We Have Robots


Emily and I have this little game that we play: when we’re out walking around, shopping or whatever, I’ll offer her whatever happens to cross my line of sight, the more ridiculous the better. She says no thanks, or ignores me, repeat as necessary.

If we pass a donut stand, I’ll ask her if she wants a donut. If we pass a muffler repair shop, I’ll ask her if she wants her muffler repaired. And so on, pretty much constantly until we either get home or think of something more interesting to talk about. It’s endless entertainment for me, and only seems to annoy her a little bit.

So last week we were walking through a department store doing this. Would you like a six-piece socket wrench? No, how about a bandsaw? No? Assorted router bits? No? Okay, maybe a robotic vacuum cleaner? And her eyes lit up.

And now we own a Roomba, and she’s spent the last few days carrying the thing from room to room cackling gleefully while it does its thing, and periodically marching into my office to announce “We’ll never need to vacuum again!” Turns out she doesn’t like vacuuming. At all. Proof that you can still learn things about your spouse even after nine years together.

I have to admit it’s pretty slick, and it does work surprisingly well. (Our dog sheds more than I ever would have believed possible: even when you run it in a room that is to all appearance clean, it winds up choked full of Frank fur by the end of its run.)

It’s in no way systematic: it starts out in a neat spiral, but then scoots apparently at random angles around the room, bumping into things and turning around. So your carpet doesn’t have those tidy parallel rows of vacuum-pattern in it; more this schizophrenic collection of diagonals and spirals. (From the next room it sounds disconcertingly like you’re keeping a small blind robot prisoner in a maze: buzz thump turn buzz thump turn buzz buzz thump turn thump turn buzz thump.)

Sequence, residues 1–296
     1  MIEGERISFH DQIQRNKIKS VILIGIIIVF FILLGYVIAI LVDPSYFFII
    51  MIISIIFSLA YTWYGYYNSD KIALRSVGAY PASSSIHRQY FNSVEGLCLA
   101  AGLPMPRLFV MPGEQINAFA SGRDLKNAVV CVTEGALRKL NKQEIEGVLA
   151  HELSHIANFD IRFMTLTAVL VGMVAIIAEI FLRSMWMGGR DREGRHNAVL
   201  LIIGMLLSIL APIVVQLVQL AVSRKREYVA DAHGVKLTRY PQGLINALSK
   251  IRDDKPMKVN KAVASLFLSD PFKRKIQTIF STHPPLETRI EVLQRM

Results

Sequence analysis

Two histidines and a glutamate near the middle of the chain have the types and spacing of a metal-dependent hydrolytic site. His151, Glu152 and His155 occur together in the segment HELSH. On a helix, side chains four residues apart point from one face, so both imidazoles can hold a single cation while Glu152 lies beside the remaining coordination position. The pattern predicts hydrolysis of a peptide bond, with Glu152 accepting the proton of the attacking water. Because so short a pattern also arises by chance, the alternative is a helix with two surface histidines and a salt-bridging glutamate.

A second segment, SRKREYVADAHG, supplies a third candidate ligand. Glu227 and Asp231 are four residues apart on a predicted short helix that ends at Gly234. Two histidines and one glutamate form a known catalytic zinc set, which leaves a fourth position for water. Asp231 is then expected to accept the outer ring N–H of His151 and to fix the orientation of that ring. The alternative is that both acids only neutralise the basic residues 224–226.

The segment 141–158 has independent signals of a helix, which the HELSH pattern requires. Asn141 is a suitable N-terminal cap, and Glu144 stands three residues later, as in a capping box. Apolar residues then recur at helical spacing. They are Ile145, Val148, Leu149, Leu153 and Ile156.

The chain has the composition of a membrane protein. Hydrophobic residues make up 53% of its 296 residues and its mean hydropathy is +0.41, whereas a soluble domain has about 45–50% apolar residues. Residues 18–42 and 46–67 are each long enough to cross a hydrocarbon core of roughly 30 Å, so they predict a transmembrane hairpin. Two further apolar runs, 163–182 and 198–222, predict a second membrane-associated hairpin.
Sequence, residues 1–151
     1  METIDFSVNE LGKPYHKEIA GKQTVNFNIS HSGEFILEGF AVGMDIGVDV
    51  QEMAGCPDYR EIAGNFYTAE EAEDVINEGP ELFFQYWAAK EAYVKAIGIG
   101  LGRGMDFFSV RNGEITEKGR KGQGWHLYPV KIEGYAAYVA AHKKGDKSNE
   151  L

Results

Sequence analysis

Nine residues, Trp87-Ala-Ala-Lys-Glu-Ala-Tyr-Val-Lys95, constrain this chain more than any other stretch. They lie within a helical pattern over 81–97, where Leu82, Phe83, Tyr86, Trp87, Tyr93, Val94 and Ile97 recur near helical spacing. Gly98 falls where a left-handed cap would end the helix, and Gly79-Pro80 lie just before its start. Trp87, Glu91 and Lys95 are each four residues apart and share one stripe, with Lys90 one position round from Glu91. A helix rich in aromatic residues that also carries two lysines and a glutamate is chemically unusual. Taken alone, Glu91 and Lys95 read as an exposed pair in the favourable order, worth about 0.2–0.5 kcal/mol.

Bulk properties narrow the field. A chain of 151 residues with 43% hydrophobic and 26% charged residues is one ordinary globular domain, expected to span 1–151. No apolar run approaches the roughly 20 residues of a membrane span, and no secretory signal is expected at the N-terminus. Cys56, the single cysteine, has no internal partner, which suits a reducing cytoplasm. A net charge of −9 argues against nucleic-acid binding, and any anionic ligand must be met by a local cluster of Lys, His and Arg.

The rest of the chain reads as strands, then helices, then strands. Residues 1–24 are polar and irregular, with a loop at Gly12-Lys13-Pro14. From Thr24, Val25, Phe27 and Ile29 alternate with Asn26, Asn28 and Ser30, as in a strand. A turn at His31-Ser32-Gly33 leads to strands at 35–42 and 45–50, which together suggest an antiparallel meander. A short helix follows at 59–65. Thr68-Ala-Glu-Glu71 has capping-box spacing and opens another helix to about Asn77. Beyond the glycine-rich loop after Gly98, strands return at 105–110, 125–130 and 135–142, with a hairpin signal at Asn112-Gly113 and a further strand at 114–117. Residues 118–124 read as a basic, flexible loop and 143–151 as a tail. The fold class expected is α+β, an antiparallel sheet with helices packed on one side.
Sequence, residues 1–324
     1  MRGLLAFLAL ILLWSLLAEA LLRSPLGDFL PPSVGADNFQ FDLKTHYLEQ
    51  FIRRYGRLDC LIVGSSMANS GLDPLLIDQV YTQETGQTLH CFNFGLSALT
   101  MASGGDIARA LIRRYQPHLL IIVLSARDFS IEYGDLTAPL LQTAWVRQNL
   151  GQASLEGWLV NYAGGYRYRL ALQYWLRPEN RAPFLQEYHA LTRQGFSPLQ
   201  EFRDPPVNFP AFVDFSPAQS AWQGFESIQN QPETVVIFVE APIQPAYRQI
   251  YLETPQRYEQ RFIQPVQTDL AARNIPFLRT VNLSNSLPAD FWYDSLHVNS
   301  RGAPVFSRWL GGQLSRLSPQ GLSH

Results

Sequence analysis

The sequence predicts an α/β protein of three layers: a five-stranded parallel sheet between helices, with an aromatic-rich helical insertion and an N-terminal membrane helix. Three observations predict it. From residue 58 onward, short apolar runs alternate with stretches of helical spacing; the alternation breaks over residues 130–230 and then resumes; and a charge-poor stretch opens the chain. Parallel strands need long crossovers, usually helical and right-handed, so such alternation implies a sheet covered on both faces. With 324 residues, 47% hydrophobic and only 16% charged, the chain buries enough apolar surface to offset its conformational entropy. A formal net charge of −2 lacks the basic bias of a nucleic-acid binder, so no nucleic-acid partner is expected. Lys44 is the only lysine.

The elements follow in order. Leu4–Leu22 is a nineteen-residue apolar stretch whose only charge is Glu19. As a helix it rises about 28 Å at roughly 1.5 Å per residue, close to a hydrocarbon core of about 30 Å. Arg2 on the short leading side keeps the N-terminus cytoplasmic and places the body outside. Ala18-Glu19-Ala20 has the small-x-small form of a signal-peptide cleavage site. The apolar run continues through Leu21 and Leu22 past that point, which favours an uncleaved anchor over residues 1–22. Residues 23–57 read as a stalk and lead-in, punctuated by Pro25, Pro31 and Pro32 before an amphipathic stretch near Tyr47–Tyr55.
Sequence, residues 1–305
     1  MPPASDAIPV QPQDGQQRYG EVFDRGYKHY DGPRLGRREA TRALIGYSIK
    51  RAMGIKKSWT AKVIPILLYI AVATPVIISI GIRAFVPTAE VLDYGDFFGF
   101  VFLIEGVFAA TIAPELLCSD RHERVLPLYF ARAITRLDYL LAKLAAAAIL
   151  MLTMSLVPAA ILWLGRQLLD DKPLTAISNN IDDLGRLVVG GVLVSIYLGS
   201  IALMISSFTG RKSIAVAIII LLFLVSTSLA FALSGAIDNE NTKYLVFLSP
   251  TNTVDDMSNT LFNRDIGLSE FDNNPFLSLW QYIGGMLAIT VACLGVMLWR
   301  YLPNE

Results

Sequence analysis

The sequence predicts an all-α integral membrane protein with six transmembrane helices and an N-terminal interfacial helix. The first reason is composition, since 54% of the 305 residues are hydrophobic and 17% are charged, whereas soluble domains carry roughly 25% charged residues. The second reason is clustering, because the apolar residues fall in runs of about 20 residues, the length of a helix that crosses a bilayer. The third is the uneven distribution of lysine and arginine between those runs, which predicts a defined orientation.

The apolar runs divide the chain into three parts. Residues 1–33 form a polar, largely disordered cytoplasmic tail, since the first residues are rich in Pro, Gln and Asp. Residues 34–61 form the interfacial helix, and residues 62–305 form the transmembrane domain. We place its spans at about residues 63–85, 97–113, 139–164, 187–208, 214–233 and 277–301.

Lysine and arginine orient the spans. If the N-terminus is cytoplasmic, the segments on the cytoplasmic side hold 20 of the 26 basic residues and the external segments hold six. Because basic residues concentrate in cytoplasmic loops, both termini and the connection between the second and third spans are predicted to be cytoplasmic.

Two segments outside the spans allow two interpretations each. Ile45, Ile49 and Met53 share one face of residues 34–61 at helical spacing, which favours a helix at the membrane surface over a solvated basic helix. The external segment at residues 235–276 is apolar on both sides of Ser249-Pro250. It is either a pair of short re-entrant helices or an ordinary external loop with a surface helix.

Yet somehow it manages to find its way back to the starting point when it’s done, which should be impossible with all that thumping and turning and bouncing around it does; I’ve spent more time than I care to admit watching it trying to figure out the algorithm. (What I really ought to do is try it twice in the same starting point in the same room, and see if it follows anywhere close to the same path.) It has an infrared sensor which is only used to check for infrared “walls” you can set up to keep it in one room, not for navigation. It has some way of figuring out when it’s about to fall off a step, which we haven’t had the courage to try out yet. And it has a collection of more or less indistinguishable tunes it plays to tell you what it’s doing, which is mostly limited to “cleaning the floor”.

In conclusion, I liked this robot, and I think that anyone who likes robots and hates vacuuming would like it too.